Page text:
I cannot read Acts without getting the impression that conflict, persecution, and catastrophe are opportunities. This is counter intuitive. We would like to believe that peace, comfort, and worry free moments are the times that we can best organize effectively and therefore prosper. Acts may suggest that times of comfort and prosperity bring with them a lack of urgency and intensity and priority. Without apology, Acts continues to present challenging situations. Without exception, Acts reports that the good news continued to spread. Acts leaves us with the impression that our writings, stories, and growth are strengthened during less fortunate situations.

There is a temptation for preachers to preach about a language miracle, or healing, or call to ministry, or prayer, or persecution or any other situation that arises in the narrative. We certainly do not want to ignore these contexts, but neither do we want to miss the message being pushed forward by the narrative. Why would we want to focus on the barrier and make it the main point of the story? I propose that it would be no different than preaching a sermon about surviving shipwreck or snakebite. In every chapter, rather than focusing on the barrier, our focus should be on the Holy Spirit who overcomes the barrier.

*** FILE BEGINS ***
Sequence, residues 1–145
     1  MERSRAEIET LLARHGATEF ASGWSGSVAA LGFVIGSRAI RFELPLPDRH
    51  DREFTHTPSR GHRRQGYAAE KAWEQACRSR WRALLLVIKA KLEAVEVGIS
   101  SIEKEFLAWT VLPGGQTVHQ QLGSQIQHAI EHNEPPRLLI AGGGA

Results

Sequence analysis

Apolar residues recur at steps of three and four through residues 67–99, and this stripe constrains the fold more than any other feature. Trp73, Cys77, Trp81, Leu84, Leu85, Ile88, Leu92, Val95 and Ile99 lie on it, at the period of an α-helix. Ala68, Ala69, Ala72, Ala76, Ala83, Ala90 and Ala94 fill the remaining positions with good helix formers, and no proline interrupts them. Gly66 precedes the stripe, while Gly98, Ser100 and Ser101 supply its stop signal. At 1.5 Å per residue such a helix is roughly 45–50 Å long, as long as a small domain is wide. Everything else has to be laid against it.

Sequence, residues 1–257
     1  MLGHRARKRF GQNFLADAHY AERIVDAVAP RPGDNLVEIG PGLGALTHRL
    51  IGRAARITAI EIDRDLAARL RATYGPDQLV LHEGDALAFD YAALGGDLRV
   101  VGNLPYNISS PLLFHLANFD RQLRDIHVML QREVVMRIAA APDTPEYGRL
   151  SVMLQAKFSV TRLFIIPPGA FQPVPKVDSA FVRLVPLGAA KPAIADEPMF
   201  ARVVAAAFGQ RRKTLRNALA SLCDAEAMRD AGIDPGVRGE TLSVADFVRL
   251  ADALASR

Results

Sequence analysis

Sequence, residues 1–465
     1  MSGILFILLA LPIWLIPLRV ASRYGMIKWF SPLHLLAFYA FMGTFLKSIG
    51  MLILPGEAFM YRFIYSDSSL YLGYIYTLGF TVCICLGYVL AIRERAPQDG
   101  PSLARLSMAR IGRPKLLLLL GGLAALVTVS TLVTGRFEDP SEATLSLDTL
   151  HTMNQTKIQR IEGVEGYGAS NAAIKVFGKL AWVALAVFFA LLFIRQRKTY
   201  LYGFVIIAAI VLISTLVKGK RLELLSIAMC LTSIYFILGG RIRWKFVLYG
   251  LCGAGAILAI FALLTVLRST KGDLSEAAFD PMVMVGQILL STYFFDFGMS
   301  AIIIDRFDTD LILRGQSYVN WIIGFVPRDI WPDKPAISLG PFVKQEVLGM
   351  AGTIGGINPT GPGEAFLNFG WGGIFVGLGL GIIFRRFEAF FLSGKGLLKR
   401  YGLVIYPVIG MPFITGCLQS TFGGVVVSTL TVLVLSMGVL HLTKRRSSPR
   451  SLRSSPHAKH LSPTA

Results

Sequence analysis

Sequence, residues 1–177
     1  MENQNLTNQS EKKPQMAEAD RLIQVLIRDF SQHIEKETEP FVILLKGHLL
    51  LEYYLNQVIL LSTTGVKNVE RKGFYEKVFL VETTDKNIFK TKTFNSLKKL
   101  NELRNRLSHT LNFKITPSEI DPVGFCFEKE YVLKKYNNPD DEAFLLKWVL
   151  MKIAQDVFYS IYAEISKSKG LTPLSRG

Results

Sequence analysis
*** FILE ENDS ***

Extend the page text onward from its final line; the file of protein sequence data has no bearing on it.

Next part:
Preaching Acts is proclamation of the ongoing activity of God. Acts sets a precedent. Our barriers may be different, but there is an implication that the Spirit may be at work in any conversation, in any location, and during any activity. Acts insists that despite a host of barriers, the result continued to be “preaching the kingdom of God and teaching concerning the Lord Jesus Christ with all openness, unhindered.” Acts insists on the activity of God in history. It is no different for us.

Our Story and the Jesus Story

Luke the historian lets us in on his plan from the start. He has compiled the results of his investigation and gives us an account about the things that were “accomplished among us.” Luke is a collector of stories and what he finds is that all other stories intersect with the Jesus story. Perhaps this is why he gives us a genealogy, a historical context, and quotes from Isaiah the prophet. Luke wants us to realize that his news is connected with everything else. It may be obvious that the cross is connected to the Jesus story, but Luke wants us to know that Isaiah’s songs and Caesar’s decrees are as well.